It is worth noting that the government has not announced the decommission of the guns it claims the men used in the robberies: .9mm and .38 caliber pistols.
In President Felipe Calderon's fight against organized crime, "organized crime" is commonly assumed to refer to Mexico's notorious drug trafficking organizations. However, as documented in the Narco News article "Regime of Exception: Mexico's Two-Track Justice System," Mexico's legal system distinguishes between organized crime and other crimes, ceding significantly fewer rights to the former. Human rights organizations have criticized the system, saying that a two-track justice system that separates suspects into citizens with rights and supercriminals without rights leaves everyone at risk for violations of internationally consensed-upon due process and human rights.
Because the six men have been accused (though not formally charged) with organized crime, the government has put them under arraigo, or pre-charge detention, for a period of 30 days. The Chiapas-based Fray Bartolome de las Casas Human Rights Center (Frayba) says that it has "repeatedly denounced that the State Attorney General's Office systematically uses arraigo as an instrument of subjugation and torture in order to extract confessions, not only against members of organized crime, but also against social organizations and movements." Under Mexico's recent judicial reform, which has yet to be fully implemented, arraigo is reserved for people accused of organized crime, rape, homicide, kidnapping, violent crimes, and crimes against national security.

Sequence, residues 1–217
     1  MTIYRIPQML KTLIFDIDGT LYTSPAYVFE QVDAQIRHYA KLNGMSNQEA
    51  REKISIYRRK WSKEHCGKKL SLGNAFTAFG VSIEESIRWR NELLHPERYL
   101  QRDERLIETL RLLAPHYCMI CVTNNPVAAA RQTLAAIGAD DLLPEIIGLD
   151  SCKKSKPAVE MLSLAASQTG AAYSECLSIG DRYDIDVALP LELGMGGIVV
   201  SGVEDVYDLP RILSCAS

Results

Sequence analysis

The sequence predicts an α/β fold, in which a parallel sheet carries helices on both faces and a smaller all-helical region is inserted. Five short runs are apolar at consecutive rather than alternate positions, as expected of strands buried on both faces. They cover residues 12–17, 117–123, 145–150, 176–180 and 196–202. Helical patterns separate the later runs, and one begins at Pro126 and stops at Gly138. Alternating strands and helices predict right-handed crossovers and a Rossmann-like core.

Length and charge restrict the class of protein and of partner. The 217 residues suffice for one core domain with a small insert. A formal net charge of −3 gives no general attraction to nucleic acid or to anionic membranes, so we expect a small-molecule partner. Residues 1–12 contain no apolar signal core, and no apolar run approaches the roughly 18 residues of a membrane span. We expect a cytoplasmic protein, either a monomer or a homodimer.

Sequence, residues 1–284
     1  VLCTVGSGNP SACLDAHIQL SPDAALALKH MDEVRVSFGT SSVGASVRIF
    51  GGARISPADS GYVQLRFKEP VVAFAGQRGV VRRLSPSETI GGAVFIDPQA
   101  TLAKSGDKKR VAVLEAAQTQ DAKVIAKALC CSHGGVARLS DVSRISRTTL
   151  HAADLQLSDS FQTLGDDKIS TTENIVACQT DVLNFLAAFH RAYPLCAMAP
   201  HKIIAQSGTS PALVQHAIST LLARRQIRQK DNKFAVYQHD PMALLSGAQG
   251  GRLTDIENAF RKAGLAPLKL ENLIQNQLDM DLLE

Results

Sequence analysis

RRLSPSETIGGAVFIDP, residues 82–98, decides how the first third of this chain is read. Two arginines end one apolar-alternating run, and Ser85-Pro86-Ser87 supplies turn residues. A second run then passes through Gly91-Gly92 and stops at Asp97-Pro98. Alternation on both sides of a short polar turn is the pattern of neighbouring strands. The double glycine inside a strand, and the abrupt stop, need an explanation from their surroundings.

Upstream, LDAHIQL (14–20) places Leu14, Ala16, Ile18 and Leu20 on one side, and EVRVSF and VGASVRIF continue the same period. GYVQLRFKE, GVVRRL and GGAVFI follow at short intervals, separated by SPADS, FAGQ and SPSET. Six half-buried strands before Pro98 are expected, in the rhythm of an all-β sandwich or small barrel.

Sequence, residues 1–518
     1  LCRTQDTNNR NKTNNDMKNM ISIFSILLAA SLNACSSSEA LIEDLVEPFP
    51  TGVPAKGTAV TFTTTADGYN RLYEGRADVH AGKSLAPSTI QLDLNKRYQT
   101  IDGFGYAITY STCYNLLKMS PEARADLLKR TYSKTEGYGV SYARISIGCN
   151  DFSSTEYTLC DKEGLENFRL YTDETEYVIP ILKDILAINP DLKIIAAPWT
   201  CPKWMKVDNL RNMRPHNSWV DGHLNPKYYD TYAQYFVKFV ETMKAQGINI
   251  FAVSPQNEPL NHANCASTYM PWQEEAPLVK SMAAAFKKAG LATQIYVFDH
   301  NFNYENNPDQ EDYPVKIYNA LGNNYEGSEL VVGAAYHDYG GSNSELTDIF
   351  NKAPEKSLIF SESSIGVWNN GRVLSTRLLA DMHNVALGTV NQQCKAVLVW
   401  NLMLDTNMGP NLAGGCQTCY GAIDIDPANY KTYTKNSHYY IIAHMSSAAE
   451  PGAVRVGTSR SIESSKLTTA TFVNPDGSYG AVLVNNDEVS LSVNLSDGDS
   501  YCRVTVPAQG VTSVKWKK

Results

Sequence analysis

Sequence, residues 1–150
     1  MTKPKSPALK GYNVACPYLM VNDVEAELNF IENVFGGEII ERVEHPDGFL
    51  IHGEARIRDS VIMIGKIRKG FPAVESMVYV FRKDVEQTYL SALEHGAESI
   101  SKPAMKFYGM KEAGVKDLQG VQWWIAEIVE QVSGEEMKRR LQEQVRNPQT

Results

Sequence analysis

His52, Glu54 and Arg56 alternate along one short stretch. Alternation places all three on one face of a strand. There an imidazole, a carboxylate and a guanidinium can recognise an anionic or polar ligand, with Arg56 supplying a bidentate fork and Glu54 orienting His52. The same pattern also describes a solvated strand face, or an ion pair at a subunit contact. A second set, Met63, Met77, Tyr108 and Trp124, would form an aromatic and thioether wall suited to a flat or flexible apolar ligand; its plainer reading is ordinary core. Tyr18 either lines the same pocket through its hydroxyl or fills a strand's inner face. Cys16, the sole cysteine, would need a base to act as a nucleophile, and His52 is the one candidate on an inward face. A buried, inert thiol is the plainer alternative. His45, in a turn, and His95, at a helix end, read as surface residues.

Jerónimo Gómez Saragos told Frayba that his torture begin the moment he was detained. He said that when the state police grabbed him, they punched him in the throat and back. They also planted a cell phone and a camera in his pants pocket (presumably to accuse him of having robbed them from a bus). After the police took him to Tuxtla Gutierrez, they blindfolded him. Utilizing a torture method that sounds strikingly similar to waterboarding, they put a wet towel over his nose and put a bag filled with water over his head. When the government finally permitted human rights observers to see Jerónimo, he had difficulty moving his left arm and he walked with a limp. He says government agents forced him to sign a confession that they didn't read to him. Jerónimo's first language is Tseltal, and he doesn't speak Spanish well. The government says that the confession Jerónimo signed says he participated in at least 20 highway robberies.